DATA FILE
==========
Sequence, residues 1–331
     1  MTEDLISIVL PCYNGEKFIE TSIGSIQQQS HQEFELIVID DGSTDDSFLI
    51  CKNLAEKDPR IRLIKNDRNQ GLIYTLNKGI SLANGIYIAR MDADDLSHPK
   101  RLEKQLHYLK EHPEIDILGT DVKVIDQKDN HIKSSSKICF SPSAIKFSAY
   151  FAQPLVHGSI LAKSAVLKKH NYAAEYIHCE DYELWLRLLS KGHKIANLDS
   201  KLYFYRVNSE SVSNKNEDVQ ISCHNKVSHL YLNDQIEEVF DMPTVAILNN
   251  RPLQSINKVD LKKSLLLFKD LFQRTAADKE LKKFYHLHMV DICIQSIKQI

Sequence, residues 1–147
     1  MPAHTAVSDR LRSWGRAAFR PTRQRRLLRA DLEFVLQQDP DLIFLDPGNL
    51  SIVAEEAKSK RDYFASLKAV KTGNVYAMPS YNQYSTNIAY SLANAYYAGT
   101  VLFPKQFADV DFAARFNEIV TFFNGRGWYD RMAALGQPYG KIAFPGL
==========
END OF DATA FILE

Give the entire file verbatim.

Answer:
Sequence, residues 1–331
     1  MTEDLISIVL PCYNGEKFIE TSIGSIQQQS HQEFELIVID DGSTDDSFLI
    51  CKNLAEKDPR IRLIKNDRNQ GLIYTLNKGI SLANGIYIAR MDADDLSHPK
   101  RLEKQLHYLK EHPEIDILGT DVKVIDQKDN HIKSSSKICF SPSAIKFSAY
   151  FAQPLVHGSI LAKSAVLKKH NYAAEYIHCE DYELWLRLLS KGHKIANLDS
   201  KLYFYRVNSE SVSNKNEDVQ ISCHNKVSHL YLNDQIEEVF DMPTVAILNN
   251  RPLQSINKVD LKKSLLLFKD LFQRTAADKE LKKFYHLHMV DICIQSIKQI

Sequence, residues 1–147
     1  MPAHTAVSDR LRSWGRAAFR PTRQRRLLRA DLEFVLQQDP DLIFLDPGNL
    51  SIVAEEAKSK RDYFASLKAV KTGNVYAMPS YNQYSTNIAY SLANAYYAGT
   101  VLFPKQFADV DFAARFNEIV TFFNGRGWYD RMAALGQPYG KIAFPGL